RESULTS Factors interfering with ZPP determination

The fluorescence reading of ZPP in venous blood was found significantly lower than that of capillary blood from the ear lobe (Table I). However, when the venous blood was oxygenated by agitation with oxygen the fluorescence reading approached that of capillary blood. Repeated measurements after storage in a

FIG.1. Influence of serum-bilirubin concentration o n ZPP reading of the haematofluorimeter determined by additions of bilirubin to the same blood sample.

refrigerator for 9 weeks showed no constant trend in the results, and the average coefficient of variation was 5 %. Haemolysis induced by freezing or by the addition of a detergent resulted in unpredictable decreases in the readings (Table I). Interference from bilirubin in the serum results in high ZPP readings as demonstrated by additions of increasing amounts of bilirubin (Merck, art. 24520) to a blood sample (Fig. 1). As the upper limit of the reference interval is about 17 pmol/l serum, the interference from bilirubin would, normally, not add to the ZPP reading by more than 10 pmol/mol Hb (Fe). Likewise, the interference from fluorescent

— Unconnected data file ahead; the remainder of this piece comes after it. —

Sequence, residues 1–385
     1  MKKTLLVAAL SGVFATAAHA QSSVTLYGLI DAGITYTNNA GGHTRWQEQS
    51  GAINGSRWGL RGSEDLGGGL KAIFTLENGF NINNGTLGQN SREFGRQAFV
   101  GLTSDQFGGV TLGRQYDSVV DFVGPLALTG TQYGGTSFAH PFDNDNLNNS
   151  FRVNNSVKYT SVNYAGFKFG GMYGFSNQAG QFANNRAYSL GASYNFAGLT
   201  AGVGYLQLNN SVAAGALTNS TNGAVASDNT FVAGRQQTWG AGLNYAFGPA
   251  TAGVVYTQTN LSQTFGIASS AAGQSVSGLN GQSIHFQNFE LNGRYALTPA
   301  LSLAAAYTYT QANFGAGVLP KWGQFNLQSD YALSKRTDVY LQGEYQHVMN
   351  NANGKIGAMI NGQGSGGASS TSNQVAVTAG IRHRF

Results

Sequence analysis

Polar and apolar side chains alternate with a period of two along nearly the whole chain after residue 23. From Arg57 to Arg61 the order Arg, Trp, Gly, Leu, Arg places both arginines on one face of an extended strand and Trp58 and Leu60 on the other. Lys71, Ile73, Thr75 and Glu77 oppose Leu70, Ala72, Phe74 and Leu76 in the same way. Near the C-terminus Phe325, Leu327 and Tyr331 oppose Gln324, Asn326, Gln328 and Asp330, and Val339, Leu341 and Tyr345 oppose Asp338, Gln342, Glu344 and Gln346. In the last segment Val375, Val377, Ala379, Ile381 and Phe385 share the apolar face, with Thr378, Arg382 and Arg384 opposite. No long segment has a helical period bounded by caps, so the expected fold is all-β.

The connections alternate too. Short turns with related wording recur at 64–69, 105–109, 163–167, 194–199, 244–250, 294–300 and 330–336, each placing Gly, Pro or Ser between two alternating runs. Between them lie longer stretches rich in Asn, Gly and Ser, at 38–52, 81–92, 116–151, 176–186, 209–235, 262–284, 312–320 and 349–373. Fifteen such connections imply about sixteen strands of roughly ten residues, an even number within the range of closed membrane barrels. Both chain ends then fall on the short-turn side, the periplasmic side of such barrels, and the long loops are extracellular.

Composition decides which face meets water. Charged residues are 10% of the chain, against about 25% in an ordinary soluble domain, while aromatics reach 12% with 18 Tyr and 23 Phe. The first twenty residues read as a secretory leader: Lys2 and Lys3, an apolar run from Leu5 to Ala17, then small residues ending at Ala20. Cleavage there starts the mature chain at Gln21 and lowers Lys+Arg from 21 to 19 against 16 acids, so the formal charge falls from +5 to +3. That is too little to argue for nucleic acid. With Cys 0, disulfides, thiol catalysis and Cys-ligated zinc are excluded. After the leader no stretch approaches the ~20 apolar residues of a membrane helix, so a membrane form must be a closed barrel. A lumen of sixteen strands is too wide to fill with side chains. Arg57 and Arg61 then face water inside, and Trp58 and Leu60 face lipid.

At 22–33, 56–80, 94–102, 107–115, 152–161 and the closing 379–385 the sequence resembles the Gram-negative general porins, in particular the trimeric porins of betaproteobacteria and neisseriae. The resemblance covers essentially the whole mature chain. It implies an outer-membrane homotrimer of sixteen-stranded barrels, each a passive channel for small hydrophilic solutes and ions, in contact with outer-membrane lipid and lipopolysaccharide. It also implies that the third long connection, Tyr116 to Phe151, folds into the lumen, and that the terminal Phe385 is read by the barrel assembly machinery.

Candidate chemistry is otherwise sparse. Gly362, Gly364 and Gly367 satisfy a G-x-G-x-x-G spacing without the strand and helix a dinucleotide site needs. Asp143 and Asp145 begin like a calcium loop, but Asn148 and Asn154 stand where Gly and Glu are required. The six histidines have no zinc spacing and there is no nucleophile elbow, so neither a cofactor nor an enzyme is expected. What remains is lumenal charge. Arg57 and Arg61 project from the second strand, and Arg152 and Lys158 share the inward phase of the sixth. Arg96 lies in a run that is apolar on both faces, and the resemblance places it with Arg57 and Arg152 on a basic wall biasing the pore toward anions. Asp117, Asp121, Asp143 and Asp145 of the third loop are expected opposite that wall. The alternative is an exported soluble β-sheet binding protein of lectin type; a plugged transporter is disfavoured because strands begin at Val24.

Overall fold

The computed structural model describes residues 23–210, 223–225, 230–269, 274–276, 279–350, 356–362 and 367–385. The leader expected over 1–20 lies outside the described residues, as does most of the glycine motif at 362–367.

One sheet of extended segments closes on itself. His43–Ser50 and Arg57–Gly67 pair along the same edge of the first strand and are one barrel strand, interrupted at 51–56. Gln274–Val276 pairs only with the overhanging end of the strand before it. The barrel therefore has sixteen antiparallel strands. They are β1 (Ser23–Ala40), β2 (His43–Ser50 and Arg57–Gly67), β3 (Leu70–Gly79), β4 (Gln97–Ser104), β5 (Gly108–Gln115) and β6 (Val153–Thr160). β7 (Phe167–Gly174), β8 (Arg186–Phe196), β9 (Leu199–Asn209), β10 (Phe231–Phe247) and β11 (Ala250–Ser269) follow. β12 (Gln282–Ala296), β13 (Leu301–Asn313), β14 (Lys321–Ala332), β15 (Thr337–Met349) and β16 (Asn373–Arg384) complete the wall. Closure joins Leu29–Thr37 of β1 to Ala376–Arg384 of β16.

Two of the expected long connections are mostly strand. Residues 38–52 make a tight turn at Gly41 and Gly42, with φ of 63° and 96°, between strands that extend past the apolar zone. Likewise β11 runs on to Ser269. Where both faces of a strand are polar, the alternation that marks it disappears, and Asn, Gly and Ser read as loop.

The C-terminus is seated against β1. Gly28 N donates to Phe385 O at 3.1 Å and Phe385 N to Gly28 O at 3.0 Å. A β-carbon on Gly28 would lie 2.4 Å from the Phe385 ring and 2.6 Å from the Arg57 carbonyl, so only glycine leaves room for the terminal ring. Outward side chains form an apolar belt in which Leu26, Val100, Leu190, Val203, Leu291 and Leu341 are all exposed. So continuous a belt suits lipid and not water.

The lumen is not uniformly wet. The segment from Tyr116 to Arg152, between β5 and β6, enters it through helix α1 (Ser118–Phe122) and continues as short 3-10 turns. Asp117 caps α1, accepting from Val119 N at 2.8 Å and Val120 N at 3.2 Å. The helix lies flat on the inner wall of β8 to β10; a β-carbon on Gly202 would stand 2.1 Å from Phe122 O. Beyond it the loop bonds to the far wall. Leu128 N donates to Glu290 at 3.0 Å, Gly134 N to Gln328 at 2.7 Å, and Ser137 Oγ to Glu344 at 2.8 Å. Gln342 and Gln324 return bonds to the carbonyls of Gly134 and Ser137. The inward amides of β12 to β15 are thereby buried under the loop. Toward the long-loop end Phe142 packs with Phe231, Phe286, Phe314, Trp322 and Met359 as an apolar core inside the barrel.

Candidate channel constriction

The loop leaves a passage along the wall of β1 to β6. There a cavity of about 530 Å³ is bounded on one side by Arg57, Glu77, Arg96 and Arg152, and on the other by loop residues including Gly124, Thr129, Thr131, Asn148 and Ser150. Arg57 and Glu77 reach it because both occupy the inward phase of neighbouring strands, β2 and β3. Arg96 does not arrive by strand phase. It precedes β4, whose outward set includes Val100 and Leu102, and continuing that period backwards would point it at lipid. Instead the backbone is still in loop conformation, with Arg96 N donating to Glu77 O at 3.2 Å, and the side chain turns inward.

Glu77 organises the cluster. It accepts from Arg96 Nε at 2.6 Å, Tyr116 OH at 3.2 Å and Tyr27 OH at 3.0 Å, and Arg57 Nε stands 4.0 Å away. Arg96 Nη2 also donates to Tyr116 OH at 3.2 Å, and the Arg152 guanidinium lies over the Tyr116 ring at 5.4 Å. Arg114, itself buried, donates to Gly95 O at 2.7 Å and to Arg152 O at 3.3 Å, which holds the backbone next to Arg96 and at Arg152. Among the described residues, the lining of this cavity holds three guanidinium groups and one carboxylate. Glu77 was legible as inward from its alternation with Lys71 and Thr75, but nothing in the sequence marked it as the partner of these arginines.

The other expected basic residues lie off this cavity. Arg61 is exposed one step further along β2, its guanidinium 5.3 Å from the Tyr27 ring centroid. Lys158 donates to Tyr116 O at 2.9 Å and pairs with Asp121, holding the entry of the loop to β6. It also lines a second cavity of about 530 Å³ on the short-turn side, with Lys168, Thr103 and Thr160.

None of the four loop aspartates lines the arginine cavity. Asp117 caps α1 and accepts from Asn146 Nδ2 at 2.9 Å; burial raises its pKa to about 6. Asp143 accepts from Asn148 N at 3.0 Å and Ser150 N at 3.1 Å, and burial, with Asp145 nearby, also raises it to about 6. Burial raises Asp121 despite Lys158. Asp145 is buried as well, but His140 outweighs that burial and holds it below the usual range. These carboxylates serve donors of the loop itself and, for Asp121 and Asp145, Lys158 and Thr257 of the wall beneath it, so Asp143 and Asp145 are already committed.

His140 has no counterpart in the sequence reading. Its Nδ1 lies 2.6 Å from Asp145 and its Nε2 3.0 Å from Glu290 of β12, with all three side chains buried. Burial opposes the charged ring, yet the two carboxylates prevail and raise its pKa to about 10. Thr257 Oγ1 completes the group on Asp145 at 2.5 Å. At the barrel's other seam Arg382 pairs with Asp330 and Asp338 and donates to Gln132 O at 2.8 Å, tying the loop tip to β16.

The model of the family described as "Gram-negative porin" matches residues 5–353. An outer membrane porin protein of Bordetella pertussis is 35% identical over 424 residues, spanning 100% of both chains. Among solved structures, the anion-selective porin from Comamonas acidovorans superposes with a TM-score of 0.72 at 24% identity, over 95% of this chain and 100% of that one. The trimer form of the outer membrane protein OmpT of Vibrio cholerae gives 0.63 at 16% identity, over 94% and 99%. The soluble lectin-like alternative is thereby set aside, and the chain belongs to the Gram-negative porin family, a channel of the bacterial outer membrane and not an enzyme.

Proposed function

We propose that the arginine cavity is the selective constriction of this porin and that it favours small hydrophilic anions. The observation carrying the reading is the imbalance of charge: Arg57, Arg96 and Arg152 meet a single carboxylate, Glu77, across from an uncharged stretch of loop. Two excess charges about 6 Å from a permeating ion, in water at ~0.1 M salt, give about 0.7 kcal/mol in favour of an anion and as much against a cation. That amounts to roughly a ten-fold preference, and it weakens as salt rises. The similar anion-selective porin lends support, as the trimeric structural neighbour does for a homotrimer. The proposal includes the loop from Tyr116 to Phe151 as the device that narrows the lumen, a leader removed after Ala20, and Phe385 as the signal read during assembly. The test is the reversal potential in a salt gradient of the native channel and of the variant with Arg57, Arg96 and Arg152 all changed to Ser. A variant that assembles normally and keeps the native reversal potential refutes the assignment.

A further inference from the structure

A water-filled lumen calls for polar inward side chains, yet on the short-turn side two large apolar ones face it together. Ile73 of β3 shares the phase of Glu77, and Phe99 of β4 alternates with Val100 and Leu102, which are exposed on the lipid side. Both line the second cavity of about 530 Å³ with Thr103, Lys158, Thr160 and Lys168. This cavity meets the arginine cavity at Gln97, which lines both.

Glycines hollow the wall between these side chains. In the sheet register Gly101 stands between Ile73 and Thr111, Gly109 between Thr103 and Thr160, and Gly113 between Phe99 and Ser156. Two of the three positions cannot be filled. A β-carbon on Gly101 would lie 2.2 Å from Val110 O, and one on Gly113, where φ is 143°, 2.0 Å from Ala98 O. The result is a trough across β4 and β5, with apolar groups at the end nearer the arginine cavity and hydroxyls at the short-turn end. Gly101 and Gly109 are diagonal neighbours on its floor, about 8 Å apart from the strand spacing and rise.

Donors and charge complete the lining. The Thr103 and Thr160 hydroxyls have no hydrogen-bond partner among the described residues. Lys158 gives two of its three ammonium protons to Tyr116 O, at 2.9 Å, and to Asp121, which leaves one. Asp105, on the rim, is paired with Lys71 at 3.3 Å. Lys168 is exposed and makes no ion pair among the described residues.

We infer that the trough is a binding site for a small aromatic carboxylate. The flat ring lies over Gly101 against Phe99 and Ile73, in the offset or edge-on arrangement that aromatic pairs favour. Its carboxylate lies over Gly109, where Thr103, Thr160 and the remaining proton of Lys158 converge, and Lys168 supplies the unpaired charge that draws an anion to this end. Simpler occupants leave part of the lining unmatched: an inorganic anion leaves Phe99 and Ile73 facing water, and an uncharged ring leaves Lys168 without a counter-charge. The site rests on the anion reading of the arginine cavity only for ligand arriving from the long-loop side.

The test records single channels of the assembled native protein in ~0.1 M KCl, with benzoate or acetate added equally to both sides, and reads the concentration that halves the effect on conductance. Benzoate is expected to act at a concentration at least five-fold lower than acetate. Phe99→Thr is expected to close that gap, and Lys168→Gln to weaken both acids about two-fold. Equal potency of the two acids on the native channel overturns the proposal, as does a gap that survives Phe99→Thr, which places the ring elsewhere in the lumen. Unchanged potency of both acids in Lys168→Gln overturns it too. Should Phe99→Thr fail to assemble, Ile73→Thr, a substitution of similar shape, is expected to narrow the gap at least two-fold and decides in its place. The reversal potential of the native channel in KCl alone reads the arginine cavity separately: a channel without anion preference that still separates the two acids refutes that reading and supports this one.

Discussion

TABLE I . Haematofluorimeter reading (prnol ZPP/rnol Hb(Fe)) of capillary vs. venous blood samples treated in ditferent ways

Patient number

Capillary blood Fresh

1 2 3

4 5 6

7 8 9 10

Mean difference from capillary blood I t l ( f = 9) P

53 62 67 69 69 79 86 88 112 121

Venous blood

__ Fresh 37

52 41 51 44 48 62 47 77 110

23.7 7.38 0.000


9 weeks old

Oxygenated haemolysed

51 69 65 66 71 16 80 84 104 130

52 65 57 66 74

33 46 29 48 31 33 74 57 71 86

1 .0 0.58 0.576


110 87 102


- 2.6 0.59 0.570